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Deployment, combat, and risk of multiple physical symptoms in the US military: A prospective cohort study.

Publication Status: Published

Sponsoring Organization: Defense Health Agency (formerly TRICARE Management Activity)

Sponsoring Office: Defense Centers of Excellence for Psychological Health and Traumatic Brain Injury

Congressionally Mandated: No

Funding Source: Undetermined

Release Date/Publication: December 01, 2015

Principle Investigator Status: Government

Primary DoD Data Source: Millenium Cohort Study

Secondary DoD Data Source:

Abstract

PURPOSE:
Multiple physical symptoms (MPS) have historically been observed after deployment to a combat zone and are often disabling in nature. This study examined longitudinal trends in MPS status and its relationship to deployment in U.S. military service members.

METHODS:
Using longitudinal data from panel 1 participants in the Millennium Cohort Study (n = 76,924), MPS status was assessed at three time points (2001-2008) using the 15-item Patient Health Questionnaire. Probability of reporting MPS was analyzed using mixed-effects multinomial logit regression, with time and deployment experience as main explanatory variables.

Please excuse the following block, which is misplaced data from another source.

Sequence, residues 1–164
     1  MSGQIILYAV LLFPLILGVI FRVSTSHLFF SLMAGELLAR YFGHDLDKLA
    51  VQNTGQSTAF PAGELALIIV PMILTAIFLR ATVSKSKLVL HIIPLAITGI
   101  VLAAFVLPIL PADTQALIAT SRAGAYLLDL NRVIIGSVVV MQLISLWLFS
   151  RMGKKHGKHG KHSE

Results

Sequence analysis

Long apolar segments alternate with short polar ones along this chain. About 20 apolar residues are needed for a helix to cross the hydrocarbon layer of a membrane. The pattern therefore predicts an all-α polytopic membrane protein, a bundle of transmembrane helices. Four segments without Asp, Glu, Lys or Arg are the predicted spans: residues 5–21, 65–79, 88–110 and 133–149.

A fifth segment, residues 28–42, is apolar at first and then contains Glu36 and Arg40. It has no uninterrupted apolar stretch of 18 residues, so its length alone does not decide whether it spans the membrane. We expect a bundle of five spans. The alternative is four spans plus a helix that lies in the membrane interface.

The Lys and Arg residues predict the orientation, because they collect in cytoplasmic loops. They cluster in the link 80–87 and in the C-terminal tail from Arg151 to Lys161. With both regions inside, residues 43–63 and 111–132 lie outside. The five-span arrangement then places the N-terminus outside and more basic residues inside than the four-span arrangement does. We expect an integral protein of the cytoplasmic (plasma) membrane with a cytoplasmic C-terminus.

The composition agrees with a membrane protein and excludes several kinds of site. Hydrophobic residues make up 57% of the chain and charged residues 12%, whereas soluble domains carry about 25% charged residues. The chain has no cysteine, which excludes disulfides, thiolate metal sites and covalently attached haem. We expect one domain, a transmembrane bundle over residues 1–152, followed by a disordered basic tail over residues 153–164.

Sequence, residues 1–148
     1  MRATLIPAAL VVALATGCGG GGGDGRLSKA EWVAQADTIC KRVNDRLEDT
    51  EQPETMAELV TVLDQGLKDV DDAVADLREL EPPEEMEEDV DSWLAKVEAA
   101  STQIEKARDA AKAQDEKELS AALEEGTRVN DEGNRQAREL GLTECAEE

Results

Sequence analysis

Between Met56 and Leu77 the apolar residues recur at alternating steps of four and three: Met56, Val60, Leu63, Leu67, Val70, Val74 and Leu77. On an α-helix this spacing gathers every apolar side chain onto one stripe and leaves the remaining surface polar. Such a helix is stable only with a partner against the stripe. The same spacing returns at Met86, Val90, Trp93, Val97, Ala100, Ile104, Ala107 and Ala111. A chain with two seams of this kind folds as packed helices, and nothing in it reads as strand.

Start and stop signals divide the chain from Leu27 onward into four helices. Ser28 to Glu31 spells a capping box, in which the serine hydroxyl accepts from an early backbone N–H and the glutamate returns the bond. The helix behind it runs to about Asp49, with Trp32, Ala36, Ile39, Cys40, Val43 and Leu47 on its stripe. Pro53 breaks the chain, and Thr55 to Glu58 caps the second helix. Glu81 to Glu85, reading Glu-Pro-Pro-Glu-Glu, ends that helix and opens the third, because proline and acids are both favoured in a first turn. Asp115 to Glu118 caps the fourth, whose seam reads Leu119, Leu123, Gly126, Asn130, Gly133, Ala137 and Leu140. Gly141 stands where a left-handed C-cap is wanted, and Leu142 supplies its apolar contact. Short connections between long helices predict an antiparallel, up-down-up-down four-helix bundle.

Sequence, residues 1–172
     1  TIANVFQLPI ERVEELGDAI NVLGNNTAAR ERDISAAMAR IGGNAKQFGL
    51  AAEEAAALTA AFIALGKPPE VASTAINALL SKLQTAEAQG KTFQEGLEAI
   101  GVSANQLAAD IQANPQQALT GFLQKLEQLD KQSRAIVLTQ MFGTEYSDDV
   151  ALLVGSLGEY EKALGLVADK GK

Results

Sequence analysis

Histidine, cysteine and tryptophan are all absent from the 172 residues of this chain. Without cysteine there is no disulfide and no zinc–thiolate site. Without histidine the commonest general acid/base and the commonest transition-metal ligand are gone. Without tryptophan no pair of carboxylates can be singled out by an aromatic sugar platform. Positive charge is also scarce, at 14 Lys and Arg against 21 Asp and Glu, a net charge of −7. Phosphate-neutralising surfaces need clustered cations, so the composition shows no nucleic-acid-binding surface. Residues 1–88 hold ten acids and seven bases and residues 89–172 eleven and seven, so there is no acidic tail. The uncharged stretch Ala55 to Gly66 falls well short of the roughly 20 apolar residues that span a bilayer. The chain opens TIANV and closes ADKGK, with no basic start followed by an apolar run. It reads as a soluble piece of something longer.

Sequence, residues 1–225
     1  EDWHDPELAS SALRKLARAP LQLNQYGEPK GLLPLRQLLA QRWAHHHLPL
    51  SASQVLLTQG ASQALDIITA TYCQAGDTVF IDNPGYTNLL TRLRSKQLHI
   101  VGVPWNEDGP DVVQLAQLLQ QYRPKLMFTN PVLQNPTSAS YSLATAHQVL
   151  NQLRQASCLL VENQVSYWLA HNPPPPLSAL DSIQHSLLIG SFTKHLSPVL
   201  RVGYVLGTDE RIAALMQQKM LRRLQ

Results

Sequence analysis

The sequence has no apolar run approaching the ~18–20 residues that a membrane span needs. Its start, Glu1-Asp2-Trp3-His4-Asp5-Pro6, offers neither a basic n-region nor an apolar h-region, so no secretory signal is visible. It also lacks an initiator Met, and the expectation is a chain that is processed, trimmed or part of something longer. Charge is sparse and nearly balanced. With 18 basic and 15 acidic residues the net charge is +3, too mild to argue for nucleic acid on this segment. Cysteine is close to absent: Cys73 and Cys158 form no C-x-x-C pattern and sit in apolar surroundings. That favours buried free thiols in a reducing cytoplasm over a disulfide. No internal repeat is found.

RESULTS:
After adjustment for demographic, military, and health characteristics, service members who deployed with combat were significantly more likely to report MPS at each time point compared with those not deployed (odds ratio [OR] and 95% confidence interval [CI] for wave 1 = 1.49 [1.47-1.52], wave 2 = 1.73 [1.69-1.78], wave 3 = 2.08 [2.03-2.12]), and those who deployed without combat (OR and CI for wave 1 = 2.66 [2.59-2.74], wave 2 = 1.81 [1.75-1.87]; wave 3 = 1.68 [1.63-1.74]).

CONCLUSIONS:
Longitudinal trends indicate that the probability of reporting MPS has increased consistently over time only for those deployed, regardless of combat experience.

Citation:

McCutchan PK, Liu X, LeardMann CA, Smith TC, Boyko EJ, Gore KL, Freed MC, Engel CC. Deployment, combat, and risk of multiple physical symptoms in the US military: A prospective cohort study. Ann Epidemiol. 2015 Dec 11.

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